A Little Dab Will Do Ya

"Drop of cannabis oil" by Ryan Bushby(HighInBC) - http://upload.wikimedia.org/wikipedia/en/e/e2/Drop_of_cannabis_oil.jpg. Licensed under Creative Commons Attribution 2.5 via Wikimedia Commons -

Drop_of_cannabis_oil.jpg. Licensed under Creative Commons Attribution 2.5 via Wikimedia Commons –

In the 1950s, the ad slogan “A little dab will do ya,” referred to a hair cream called Brylcreem that was supposed to tame a man’s wild hair and make him instantly attractive to women. These days, with the growing acceptance of medical and recreational marijuana, the slogan also applies to a byproduct of marijuana called Butane hash oil (BHO) or wax.

BHO is made by mixing butane with marijuana, and then processing the mixture so that the plant’s cannabinoids are stripped away by the butane from the plant debris. The end result can look like honey or wax. If the amateur chemist doesn’t evaporate their BHO correctly, a lot of impurities are left behind.  Johnny Green, a marijuana activist said: “I’m not a doctor, but I can’t imagine that smoking poorly purged butane hash oil is good for your health.”

If the BHO is properly purged, the end result is far purer than raw marijuana. Green said that the highest concentration he has ever heard of THC in marijuana was in the high 20%s. “I have seen a lot of butane hash oil that has ranked in the 80%s and even the 90%s according to reputable testing laboratories.” Concentrations of THC at these levels can cause psychosis and even brain damage, according to DEA special agent Gary Hill. But there is another serious health problem here—butane is extremely flammable.

image credit: Therapeutic Health Center. BHO shatter, Permafrost wax

image credit: Therapeutic Health Center.
BHO shatter, Permafrost wax

The Seattle Times reported: “Federal and state authorities in Washington state have filed charges against seven people in connection with a series of suspected hash-oil explosions and fires.” Two of the men injured in the explosion had previously denied to the police that they were making hash oil. They also had medical marijuana cards. The Times article mentioned a separate suspected hash oil explosion that knocked a building SIX INCHES off its foundation.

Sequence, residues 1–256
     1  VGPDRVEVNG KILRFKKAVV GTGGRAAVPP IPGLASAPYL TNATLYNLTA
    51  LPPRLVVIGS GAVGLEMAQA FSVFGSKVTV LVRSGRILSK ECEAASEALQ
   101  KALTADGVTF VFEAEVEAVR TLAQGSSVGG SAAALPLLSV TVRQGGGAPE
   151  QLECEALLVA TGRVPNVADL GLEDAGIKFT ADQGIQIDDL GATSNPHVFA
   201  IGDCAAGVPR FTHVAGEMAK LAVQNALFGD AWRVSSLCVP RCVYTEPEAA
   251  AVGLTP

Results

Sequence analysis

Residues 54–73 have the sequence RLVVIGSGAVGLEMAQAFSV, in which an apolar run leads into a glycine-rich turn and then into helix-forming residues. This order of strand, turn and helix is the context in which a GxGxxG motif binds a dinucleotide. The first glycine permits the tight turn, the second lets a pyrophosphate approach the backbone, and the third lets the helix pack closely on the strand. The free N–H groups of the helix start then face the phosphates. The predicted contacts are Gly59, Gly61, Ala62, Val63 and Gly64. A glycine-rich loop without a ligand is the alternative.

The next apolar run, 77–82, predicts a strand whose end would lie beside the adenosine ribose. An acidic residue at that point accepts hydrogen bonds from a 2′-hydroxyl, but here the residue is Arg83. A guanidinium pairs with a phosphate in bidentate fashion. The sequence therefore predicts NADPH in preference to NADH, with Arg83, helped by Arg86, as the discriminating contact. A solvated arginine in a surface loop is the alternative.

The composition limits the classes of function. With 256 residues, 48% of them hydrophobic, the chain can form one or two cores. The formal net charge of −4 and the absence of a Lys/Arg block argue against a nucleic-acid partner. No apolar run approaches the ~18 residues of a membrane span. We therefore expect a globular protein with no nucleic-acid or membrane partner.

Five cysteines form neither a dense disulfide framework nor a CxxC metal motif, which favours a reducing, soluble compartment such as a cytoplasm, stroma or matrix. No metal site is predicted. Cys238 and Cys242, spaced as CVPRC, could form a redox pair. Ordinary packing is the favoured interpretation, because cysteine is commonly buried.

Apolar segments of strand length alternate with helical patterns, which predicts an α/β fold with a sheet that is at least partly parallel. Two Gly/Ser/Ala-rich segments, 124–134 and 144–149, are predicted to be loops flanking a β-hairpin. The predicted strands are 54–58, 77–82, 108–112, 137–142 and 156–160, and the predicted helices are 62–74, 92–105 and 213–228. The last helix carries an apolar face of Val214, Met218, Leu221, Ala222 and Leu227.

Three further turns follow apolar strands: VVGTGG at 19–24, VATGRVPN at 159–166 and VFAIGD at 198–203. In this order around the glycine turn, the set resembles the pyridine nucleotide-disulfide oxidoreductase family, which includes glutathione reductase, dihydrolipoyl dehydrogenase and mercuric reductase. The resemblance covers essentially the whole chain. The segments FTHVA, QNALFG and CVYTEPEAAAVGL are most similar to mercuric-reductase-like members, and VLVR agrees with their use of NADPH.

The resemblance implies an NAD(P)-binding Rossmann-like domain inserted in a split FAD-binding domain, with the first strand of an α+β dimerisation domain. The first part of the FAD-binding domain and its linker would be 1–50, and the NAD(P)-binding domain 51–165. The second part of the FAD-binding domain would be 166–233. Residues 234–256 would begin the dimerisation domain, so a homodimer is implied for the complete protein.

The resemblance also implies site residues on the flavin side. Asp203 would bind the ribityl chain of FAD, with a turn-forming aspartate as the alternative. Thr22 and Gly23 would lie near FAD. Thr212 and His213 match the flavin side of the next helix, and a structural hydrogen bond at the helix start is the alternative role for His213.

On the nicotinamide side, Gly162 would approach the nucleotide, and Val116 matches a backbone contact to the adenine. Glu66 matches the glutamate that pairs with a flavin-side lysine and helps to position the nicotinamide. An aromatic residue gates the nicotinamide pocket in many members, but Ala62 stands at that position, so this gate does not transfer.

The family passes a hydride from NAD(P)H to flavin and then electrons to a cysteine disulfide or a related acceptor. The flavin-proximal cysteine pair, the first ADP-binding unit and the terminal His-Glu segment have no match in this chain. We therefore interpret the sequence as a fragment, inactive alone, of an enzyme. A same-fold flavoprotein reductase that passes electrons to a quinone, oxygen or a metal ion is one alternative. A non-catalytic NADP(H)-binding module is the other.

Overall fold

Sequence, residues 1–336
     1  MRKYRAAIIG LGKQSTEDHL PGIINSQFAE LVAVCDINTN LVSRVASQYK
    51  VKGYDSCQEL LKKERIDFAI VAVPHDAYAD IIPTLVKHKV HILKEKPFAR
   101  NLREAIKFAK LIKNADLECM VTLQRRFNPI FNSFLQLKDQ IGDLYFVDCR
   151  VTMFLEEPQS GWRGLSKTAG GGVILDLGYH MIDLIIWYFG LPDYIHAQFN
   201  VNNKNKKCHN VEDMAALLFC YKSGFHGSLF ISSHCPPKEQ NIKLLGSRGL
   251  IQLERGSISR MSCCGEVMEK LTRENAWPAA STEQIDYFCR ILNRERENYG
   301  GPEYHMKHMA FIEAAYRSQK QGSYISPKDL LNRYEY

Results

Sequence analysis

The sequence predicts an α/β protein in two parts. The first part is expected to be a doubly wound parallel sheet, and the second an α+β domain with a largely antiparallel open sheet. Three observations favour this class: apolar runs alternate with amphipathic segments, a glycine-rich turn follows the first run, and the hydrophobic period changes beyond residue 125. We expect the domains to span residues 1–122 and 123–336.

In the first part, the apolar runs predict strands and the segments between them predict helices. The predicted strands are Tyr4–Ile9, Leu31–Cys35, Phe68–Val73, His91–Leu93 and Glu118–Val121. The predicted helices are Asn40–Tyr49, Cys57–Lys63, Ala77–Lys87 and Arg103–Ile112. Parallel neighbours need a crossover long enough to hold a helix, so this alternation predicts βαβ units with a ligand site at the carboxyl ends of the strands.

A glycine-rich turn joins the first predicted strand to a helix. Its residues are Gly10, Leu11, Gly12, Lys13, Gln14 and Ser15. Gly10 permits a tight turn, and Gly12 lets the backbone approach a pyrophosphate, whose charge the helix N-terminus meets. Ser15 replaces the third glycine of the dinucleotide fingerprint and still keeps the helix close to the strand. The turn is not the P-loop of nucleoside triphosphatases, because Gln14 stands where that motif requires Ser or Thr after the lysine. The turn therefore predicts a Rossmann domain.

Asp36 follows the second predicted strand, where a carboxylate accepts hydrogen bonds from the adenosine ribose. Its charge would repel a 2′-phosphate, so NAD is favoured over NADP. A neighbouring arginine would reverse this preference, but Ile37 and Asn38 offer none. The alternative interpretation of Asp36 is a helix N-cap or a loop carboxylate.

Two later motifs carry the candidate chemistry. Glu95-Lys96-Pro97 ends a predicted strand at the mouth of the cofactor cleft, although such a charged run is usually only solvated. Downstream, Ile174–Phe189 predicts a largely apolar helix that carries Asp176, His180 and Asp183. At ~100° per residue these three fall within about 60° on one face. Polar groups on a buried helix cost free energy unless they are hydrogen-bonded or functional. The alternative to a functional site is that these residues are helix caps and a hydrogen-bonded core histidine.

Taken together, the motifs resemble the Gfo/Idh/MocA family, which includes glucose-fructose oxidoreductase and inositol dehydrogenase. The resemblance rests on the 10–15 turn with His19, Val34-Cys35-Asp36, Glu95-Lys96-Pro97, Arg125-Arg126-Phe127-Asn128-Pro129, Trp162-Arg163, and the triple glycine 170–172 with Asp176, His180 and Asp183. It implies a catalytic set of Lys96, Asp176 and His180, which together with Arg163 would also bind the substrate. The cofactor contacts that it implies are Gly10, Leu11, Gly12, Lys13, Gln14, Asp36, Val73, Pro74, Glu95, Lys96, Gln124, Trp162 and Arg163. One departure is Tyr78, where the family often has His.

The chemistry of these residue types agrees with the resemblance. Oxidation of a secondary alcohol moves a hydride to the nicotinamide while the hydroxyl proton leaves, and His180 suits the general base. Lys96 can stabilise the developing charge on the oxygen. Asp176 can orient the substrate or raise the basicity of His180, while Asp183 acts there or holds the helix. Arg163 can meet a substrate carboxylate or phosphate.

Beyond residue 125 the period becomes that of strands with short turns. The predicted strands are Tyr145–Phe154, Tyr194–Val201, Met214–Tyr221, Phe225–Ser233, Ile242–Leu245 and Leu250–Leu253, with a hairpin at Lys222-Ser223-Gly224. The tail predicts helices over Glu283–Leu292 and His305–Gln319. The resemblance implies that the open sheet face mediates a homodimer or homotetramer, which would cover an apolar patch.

In Colorado, the burn unit at the University of Colorado only had two previous admissions for hash oil injuries in 2012 when Wayne Winkler was admitted. In 2013, the burn unit admitted 11 burn patients from hash oil fires. By May of 2014, they had admitted ten. At this rate, they will triple their 2013 burn admissions in the first year that recreational use of marijuana is legal in Colorado. You can see a video report on hash oil explosions in Colorado and hear Wayne’s tearful testimony of what happened to him here.

This danger even has marijuana activists like Johnny Green concerned. In addition to the risk that rookies bring to themselves and others, he said it makes the entire movement look bad. In a blog post to “The Weed Blog,” he said:

Consider this a public service announcement. I don’t know if I have hammered this point home enough, but if you are not an expert at making butane hash oil (BHO), PUT EVERYTHING DOWN, TURN OFF THE STOVE, GET YOUR HEAD OUT OF YOUR BUM, AND EXIT THE KITCHEN. Making BHO is a very dangerous thing, and if you slip up in any way, you will no doubt light something on fire, including yourself.

The emphasis above was in the original article. Embedded in the Weed Blog article is a short YouTube video of a homemade attempt to make hash oil gone wrong.

Legalizing marijuana for either medicinal or recreational use will mean easier access to marijuana and lead to a pattern of hash oil explosions like those noted here. States being lobbied by pro marijuana interests should slow down and simply watch what happens in Colorado and Washington state. At the very least, they can learn from the mistakes these earlier “progressive” states have made in drafting their marijuana legislation.

One excellent example is in Colorado. Colorado’s marijuana law allows adults 21 and over to grow up to six plants at home; and hash oil cooks will often use their own plants to make it. Brian Vicente, who helped write the marijuana law in Colorado, said the law’s vague wording that allows processing marijuana plants permits home hash oil production. He did add that he thought the hash oil fires would decline as people realize the dangers and start going to pot shops instead of trying to make their own hash oil at home. That sure was reassuring.

Doesn’t home hash oil production remind you of the problems with small time meth labs?